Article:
Students have taken his lessons to heart – Mazzocco was named the School of Communication’s Distinguished Teacher of the Year in 2006. “Hofstra students choosing me, when we have so many great faculty, was really a thrill and I cherish it as much as I do my Emmy Awards, my Schaffner Award or any other professional award because to be a professor that students appreciate and acknowledge is a real honor and makes it all worthwhile,” he notes.
“Dennis combines in-depth industry experience with serious scholarly engagement – a wonderful combination for his students and colleagues,” says School of Communication Dean Evan W. Cornog, who was in the audience when Mazzocco received his DGA award. Hofstra President Stuart Rabinowitz also notes that Mazzocco is among the many accomplished artists and communication professionals (including alumni Francis Ford Coppola, Scott Ross, Avi Arad, Phil Rosenthal and Chris Albrecht) who have attended or taught at Hofstra.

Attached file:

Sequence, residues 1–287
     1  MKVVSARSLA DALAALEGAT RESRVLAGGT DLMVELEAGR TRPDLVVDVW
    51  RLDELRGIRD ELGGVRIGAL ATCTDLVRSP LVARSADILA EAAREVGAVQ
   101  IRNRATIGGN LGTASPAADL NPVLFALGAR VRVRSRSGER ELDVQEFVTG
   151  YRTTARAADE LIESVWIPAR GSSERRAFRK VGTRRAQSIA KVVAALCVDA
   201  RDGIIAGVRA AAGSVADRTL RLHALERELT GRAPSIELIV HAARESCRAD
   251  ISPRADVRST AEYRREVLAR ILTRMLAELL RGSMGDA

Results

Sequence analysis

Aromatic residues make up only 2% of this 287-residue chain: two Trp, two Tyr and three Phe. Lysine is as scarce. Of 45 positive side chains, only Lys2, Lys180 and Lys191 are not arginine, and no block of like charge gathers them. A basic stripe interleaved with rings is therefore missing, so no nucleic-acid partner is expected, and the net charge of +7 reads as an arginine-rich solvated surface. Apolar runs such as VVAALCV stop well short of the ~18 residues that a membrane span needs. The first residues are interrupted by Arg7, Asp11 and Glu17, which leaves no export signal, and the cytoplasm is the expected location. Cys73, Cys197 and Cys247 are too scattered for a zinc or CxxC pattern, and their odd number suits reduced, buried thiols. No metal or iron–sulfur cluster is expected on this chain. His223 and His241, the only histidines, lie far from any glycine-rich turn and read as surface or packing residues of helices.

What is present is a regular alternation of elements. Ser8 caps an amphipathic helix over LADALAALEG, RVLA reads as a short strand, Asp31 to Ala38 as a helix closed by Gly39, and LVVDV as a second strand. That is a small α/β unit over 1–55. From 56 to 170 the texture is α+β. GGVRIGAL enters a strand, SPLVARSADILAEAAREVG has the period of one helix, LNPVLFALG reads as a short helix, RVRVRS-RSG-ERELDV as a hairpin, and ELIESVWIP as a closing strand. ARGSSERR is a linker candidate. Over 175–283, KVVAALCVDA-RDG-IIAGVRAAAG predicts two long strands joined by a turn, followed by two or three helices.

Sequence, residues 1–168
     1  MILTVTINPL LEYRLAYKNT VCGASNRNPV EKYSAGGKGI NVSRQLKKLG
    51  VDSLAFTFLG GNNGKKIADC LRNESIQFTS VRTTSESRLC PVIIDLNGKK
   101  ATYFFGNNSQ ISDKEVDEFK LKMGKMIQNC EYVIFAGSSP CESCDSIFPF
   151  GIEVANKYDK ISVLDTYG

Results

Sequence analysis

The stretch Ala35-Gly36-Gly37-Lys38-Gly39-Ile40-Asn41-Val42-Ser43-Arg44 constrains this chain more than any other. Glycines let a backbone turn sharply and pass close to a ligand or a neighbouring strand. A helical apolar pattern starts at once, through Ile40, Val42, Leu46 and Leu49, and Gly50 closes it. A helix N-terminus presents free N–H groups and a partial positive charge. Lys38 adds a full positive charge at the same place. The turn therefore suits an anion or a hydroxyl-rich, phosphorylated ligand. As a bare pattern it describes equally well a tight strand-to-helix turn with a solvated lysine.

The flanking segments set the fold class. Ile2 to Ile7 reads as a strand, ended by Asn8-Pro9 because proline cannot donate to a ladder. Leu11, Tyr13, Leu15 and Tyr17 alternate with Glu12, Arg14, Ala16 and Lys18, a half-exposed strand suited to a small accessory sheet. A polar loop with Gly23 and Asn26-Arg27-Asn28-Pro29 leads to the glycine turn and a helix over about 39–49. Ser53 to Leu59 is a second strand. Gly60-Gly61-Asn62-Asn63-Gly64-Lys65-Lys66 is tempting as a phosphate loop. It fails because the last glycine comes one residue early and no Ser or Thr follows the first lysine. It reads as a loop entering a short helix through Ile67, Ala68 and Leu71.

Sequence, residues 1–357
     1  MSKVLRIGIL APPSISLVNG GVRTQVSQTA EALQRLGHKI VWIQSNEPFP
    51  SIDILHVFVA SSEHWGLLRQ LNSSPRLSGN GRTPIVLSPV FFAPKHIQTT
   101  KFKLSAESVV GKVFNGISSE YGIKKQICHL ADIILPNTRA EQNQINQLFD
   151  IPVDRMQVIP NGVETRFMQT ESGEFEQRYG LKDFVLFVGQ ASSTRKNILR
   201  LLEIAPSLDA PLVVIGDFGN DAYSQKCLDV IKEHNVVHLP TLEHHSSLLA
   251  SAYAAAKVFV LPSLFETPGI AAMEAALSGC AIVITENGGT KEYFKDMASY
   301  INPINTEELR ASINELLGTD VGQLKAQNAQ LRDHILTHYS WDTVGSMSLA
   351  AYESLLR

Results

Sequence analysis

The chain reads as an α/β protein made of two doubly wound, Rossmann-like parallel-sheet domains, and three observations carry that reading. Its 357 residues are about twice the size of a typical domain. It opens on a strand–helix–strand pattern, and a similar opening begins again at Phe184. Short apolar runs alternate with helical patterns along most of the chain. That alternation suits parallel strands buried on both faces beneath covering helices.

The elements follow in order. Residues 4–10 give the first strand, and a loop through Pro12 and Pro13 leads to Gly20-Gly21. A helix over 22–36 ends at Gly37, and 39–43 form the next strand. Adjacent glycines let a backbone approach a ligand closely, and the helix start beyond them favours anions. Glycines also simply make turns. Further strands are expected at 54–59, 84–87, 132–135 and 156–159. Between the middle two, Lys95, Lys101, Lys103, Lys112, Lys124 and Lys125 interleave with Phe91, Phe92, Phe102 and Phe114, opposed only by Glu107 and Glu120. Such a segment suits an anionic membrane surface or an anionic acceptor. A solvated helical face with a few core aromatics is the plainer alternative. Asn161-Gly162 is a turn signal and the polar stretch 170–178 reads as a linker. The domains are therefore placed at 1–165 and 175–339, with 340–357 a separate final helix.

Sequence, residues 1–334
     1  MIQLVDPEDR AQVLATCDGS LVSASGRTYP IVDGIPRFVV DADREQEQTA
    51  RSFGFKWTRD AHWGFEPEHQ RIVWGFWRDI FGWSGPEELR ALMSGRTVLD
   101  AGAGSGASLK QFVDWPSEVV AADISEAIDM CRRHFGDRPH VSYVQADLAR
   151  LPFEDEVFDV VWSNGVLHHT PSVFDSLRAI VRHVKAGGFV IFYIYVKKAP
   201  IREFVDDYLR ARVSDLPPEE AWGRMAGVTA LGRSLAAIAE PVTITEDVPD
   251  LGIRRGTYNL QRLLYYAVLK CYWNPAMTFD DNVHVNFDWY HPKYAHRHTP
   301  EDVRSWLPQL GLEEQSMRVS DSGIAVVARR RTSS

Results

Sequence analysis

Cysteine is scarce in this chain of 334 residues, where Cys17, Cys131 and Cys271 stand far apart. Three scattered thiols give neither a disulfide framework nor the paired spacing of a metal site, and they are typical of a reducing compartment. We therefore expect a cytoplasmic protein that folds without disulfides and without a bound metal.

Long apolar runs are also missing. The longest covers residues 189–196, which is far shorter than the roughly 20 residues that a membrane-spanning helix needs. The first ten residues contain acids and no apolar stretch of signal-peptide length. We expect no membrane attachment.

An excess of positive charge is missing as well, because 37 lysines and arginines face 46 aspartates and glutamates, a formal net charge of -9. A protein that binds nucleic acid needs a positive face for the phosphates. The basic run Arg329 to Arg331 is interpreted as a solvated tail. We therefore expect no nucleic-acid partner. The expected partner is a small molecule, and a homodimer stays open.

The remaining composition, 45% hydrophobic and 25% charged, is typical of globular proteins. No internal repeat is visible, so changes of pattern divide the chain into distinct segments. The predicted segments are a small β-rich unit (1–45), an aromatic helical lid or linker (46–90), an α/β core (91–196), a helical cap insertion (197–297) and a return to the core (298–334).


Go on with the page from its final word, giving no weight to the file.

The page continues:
Over the last four years, when he isn’t teaching, Mazzocco has worked at ABC News as a stage manager and associate director on shows such as Nightline and Weekend Good Morning America. This spring, he also began handling control room operations for This Week with George Stephanopoulos.
He should probably clear some room on his shelf for a few more Emmys.